We have kept those salutary reforms which, since the Revolution, have been implemented with respect to sales of immoveables. These sales are no longer hampered by that multitude of entitlements, of statutory redemptions, that had the dreadful disadvantage of leaving, for one or more years, the sold property with no assured owner, to the great detriment of agriculture. But we thought excessive the proscription, on the pretext of eliminating the slightest traces of feudalism, of the perpetual lease and the ground rent lease, which have never been feudal contracts, which encouraged landclearing, which engaged large landowners to sell holdings they could not cultivate with care, and which gave farm labourers, whose labour was their whole fortune, ready means of becoming landowners. We could not, however, ignore the considerable disadvantages that would attach to the wholly particular and very complex legislation such contracts always required, and we have left to the wisdom of the government the question of whether it is appropriate to bring it back.

Marriage contracts occupy a special place in the proposed civil code.

We allowed the greatest latitude to these contracts, which bind families, which form new ones, and which contribute so much to the propagation of men.

The system of dowry was the system of countries of written law. Community was the custom in countries of customary law.

Spouses will be free to form, in this regard, by their agreements, any particular law they deem appropriate.

When there is no particular agreement, the spouses will have community of property.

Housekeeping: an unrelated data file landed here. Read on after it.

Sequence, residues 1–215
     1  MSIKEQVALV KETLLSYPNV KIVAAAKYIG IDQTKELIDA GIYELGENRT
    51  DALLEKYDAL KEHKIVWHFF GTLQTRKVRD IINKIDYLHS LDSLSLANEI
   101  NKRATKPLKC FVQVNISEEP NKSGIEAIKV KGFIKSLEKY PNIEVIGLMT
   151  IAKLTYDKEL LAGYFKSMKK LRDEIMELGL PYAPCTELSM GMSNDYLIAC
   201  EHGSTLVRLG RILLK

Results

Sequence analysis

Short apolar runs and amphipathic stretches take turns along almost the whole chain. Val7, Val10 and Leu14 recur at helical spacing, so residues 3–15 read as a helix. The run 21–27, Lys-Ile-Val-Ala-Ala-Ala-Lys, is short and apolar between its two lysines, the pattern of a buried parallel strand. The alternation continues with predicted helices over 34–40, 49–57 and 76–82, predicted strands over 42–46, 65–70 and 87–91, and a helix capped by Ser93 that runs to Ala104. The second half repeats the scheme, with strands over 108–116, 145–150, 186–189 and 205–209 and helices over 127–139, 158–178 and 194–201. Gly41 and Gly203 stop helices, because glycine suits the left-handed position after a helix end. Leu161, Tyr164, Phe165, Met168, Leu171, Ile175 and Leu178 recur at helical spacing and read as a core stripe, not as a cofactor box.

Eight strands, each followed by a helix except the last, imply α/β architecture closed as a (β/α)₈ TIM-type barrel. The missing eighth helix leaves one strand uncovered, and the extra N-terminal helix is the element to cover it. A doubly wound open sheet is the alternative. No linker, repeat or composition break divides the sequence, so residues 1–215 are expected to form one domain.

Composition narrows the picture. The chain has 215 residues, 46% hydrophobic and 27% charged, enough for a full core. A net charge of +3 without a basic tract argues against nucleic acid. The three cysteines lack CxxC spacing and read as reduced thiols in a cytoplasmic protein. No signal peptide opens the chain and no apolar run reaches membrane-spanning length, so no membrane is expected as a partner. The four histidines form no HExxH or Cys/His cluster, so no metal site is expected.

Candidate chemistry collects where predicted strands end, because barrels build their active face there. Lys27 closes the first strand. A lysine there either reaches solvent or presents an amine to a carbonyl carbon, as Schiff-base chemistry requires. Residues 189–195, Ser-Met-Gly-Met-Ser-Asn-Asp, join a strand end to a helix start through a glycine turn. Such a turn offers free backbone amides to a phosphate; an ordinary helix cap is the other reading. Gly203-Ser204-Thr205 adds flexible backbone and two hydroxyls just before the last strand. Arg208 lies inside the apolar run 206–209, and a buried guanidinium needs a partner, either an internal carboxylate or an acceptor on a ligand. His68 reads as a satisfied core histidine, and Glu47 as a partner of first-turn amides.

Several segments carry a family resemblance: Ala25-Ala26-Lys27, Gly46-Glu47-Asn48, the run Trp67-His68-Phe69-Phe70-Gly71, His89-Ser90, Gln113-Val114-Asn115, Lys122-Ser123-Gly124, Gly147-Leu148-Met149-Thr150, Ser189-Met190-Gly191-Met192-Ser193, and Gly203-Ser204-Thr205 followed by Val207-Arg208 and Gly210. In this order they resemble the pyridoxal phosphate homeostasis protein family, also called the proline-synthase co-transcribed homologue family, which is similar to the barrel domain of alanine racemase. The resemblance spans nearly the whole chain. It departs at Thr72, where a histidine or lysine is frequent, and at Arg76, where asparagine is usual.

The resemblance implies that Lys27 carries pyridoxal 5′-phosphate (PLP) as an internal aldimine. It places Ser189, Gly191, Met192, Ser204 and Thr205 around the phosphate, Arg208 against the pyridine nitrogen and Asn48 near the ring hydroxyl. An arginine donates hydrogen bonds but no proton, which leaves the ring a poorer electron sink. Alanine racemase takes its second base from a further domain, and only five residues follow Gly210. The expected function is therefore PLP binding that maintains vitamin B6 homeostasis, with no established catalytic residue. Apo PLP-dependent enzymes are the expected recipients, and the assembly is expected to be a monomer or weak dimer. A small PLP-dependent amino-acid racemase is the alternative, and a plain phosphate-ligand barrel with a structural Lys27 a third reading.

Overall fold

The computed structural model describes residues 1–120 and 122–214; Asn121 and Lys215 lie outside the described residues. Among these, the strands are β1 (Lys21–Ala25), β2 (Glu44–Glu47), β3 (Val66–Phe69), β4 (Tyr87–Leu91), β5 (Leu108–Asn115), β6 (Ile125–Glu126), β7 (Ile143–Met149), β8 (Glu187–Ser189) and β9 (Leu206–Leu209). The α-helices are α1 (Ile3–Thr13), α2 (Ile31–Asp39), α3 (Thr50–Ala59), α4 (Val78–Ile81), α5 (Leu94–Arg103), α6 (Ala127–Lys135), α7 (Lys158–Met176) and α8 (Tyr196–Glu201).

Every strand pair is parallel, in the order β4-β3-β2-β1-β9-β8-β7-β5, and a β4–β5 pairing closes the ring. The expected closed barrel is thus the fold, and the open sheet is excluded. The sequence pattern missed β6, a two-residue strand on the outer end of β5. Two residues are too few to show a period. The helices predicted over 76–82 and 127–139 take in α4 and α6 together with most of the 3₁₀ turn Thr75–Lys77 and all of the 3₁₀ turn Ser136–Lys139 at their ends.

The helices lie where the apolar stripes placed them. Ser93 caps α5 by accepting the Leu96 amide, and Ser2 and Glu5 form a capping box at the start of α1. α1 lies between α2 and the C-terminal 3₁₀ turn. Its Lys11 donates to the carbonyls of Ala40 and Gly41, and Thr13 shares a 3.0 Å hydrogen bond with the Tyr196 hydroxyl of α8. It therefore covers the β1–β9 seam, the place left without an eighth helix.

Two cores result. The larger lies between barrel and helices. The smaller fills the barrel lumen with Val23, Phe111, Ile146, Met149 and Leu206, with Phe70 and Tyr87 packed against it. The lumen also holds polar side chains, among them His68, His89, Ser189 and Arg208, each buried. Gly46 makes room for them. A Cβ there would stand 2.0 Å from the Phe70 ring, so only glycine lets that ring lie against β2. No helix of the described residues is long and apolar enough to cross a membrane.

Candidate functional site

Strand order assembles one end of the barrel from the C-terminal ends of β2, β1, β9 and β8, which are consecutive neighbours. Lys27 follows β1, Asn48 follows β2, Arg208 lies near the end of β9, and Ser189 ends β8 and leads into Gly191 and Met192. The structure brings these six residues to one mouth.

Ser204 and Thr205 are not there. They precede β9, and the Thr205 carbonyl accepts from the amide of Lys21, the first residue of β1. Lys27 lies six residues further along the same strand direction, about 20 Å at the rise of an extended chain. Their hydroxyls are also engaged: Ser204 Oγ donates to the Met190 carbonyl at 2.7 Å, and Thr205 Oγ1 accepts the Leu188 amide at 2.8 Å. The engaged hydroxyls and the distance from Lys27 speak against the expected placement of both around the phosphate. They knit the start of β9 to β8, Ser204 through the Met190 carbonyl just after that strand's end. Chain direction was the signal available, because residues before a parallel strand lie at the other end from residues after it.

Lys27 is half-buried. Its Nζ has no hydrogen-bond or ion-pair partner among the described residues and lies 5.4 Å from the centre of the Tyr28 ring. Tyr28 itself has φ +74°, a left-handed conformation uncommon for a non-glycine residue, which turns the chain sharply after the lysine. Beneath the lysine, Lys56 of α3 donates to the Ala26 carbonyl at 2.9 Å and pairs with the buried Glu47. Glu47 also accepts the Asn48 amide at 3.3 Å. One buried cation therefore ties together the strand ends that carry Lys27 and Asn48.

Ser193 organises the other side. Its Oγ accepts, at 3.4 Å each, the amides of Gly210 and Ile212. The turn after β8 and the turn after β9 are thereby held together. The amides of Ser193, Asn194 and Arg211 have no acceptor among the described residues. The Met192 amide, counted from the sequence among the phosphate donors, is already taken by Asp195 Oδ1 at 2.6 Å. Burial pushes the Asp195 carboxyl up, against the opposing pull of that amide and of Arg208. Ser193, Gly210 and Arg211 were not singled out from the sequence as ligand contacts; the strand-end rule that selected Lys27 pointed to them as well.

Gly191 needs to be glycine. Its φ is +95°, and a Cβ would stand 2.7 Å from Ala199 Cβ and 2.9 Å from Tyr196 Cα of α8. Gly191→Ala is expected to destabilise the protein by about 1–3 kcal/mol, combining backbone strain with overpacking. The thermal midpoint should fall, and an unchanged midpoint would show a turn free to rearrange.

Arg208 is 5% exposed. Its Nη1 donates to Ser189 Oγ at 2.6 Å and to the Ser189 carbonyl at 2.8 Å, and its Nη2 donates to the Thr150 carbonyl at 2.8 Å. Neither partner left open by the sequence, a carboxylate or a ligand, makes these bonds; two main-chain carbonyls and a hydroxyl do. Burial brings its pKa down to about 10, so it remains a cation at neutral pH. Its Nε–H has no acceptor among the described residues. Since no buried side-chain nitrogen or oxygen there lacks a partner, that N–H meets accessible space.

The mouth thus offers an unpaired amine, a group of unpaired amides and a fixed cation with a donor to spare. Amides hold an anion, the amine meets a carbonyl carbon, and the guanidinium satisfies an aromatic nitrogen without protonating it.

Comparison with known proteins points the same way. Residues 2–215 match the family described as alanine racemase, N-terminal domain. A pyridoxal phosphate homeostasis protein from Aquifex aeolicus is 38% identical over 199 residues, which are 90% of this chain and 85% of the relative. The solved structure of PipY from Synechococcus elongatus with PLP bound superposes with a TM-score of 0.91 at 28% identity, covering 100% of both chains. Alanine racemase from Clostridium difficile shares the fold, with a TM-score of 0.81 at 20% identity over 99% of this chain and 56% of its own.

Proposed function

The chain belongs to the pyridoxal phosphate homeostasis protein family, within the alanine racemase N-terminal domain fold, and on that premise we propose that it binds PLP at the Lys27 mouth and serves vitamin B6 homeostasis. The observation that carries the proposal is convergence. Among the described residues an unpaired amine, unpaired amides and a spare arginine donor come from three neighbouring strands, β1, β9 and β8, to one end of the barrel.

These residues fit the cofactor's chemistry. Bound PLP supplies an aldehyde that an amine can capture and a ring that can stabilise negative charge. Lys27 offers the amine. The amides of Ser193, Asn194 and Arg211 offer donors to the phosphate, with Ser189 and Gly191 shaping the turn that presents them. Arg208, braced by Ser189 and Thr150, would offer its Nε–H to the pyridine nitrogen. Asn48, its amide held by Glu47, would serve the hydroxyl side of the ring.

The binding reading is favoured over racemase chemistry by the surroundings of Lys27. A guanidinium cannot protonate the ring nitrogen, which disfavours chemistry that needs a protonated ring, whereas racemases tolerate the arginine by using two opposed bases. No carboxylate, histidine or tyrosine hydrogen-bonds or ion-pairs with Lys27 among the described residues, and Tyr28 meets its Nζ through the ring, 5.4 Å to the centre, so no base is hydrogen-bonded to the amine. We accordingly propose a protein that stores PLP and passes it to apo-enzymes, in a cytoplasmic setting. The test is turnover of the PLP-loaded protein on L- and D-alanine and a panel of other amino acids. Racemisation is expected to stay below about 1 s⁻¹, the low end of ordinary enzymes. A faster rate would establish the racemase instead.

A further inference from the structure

We have determined the benefits they can extend to each other. We have adhered to the spirit of the matrimonial partnership, which is the most agreeable and necessary of all partnerships.

As for other contracts, we confined ourselves to outlining the common rules. In this regard, we will never transcend the principles that have been passed down to us since time immemorial, and which came into being with the human race.

That part of the civil code devoted to establishing the order of successions seemed no less important to us.

Is the law of succession based in natural law, or merely in positive laws? The system that ought to be put in place depends on the solution to this major problem.

Man is born with needs; he must be able to feed and clothe himself. He therefore has a right to the things necessary for his subsistence and his maintenance. This is the origin of the right of property.

No one would have planted, sown or built, had estates not been divided, and had each individual not been assured of peaceably owning his own land.

The right of property in itself is therefore a direct institution of nature, and the way in which it is exercised is an accessory, a development, a consequence of the right itself.

But the right of property ends with the life of the owner. Consequently, after the death of the owner, what will become of his goods, which his death has left ownerless?